Under combined nitrogen starvation, Anabaena perceives the presence of N2 and launches in response a developmental program leading to heterocysts: microoxic cells devoted to atmospheric nitrogen fixation. Heterocysts are formed at a semi-regular pattern that follows the Turing-model rules: in the developing cell, a transcriptional regulator (HetR) activates a specific transcriptional program that includes the expression of its own inhibitors. The diffusion of these inhibitory morphogens along the filament ensures pattern establishment. This initiation step is followed by a morphological differentiation which leads to the mature heterocyst and only at this point the nitrogenase encoding genes are expressed and N2 is fixed. We study the molecular mechanisms that allow the developing cell to sense the signal and to express the genes specific to each step of the process. How the transcriptional regulators involved act to orchestrate this temporal and cell specific transcription program? What are the sigma factors involved and how is their action regulated? How are the morphogens maturated and how do they diffuse along the filament? What is the distribution and evolution of the heterocyst-specific genes across the cyanobacterial phylum? Those are the main questions we aim to answer by combining genetics, biochemistry and genomics approaches.
Legend FigA : The three main steps of cell differentiation in Anabaena: NtcA, HetR and PatB are transcriptional regulator controlling the heterocyst-specific transcriptional program. HetP, HetZ and PatU3 are involved int the commitment step. The activity of HetR in the vegetative cells is inhibited by diffusible morphogens issued from PatS, PatX and HetN. The yellow arrows indicate heterocysts.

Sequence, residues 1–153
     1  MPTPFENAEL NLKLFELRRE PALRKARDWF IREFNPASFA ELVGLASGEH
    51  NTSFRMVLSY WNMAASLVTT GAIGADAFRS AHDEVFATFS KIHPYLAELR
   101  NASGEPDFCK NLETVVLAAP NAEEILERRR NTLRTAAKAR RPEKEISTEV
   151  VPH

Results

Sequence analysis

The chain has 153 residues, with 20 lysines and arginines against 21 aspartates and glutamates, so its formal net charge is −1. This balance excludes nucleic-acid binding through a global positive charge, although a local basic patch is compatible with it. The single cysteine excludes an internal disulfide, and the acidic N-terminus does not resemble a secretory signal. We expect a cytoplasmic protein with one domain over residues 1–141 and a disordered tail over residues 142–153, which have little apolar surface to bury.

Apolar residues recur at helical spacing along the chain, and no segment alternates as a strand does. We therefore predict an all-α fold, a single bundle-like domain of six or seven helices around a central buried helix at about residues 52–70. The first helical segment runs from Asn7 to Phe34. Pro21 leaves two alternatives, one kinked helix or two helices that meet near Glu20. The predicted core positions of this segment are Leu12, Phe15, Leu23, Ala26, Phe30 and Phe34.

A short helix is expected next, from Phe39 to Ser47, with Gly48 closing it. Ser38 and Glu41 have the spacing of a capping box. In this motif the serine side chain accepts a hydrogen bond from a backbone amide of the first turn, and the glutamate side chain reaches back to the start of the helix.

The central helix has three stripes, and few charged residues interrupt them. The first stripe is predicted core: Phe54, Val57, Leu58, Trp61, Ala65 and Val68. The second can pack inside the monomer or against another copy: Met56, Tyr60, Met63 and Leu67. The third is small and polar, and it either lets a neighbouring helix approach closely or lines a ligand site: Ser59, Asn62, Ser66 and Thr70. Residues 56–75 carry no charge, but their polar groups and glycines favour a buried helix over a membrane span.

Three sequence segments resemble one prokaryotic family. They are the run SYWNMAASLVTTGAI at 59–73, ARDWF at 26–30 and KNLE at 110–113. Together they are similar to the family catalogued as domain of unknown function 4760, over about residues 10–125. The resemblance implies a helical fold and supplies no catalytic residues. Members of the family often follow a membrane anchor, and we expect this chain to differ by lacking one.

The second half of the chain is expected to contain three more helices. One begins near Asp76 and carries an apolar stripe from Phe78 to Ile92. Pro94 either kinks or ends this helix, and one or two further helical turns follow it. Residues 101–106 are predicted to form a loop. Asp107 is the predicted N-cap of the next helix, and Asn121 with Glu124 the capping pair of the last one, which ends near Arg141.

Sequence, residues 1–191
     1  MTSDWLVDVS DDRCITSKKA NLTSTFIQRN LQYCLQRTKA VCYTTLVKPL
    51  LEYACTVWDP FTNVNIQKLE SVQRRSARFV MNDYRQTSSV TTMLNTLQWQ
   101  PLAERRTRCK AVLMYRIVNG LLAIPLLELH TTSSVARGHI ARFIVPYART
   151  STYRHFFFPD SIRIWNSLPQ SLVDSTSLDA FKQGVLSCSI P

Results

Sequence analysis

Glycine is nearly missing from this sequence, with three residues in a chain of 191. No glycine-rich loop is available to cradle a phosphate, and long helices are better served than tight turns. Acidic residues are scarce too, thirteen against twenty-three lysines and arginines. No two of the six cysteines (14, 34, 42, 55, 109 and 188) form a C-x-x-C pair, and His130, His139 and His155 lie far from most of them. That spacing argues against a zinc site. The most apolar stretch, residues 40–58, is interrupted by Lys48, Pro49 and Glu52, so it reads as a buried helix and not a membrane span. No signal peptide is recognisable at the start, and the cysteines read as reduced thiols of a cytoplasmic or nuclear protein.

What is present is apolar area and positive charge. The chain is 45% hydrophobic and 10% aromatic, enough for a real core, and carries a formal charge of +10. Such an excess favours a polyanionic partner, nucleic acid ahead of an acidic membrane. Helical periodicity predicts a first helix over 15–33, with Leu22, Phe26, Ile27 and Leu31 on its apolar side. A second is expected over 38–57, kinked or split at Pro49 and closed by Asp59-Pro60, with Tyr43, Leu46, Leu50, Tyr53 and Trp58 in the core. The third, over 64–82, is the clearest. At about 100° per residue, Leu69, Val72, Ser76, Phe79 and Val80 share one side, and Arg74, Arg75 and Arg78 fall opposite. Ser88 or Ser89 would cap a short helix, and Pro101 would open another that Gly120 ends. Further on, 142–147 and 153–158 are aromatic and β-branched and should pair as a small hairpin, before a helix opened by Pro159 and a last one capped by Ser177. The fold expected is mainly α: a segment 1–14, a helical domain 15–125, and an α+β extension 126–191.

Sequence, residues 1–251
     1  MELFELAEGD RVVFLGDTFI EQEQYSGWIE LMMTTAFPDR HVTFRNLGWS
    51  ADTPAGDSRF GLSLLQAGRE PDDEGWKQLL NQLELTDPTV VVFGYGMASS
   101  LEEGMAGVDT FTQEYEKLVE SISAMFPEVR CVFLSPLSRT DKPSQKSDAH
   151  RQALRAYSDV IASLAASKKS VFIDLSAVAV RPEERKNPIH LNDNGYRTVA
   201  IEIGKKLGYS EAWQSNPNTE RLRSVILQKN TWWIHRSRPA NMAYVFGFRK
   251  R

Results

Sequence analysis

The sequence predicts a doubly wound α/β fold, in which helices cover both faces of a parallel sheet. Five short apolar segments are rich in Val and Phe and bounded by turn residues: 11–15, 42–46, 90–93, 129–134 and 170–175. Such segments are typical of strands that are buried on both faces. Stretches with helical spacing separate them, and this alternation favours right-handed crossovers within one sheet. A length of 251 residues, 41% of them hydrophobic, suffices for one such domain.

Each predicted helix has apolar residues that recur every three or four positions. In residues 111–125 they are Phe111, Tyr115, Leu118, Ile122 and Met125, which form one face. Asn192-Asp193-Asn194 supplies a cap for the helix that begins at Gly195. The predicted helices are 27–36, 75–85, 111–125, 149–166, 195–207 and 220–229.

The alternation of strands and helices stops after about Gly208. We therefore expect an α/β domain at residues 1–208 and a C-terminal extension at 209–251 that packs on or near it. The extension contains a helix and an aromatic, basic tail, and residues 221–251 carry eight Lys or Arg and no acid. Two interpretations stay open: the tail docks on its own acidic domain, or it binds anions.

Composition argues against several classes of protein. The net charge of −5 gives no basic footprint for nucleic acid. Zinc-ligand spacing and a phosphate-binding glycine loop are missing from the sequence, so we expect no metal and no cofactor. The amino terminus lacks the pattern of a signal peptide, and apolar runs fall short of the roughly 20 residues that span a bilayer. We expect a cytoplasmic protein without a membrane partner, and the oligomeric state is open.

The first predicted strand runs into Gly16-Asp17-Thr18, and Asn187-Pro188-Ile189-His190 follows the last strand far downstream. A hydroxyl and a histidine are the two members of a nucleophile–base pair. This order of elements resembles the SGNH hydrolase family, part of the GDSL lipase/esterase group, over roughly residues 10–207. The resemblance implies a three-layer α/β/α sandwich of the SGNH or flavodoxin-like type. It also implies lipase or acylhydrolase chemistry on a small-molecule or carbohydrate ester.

Legend FigB : Self-organized patterning in Anabaena:
Local activation/protection: once activated, HetR activates the transcription of hetR, hetL, patS/hetN. The HetR/HetL network is favored. HetL provides immunity against the inhibiting morphogens produced in situ or entering the cell. HetR is active, heterocyst develops.
Long range inhibition: the diffusion of the morphogens from both sides of the heterocyst creates an inhibition gradient. In the HetR/Morphogen network, HetR is inactive and the concentration of HetL is below the protective threshold. Differentiation is inhibited
R: HetR, L: HetL or HetL homolog, IM: inhibiting morphogen (Providing from the processing of PatX, PatS or HetN).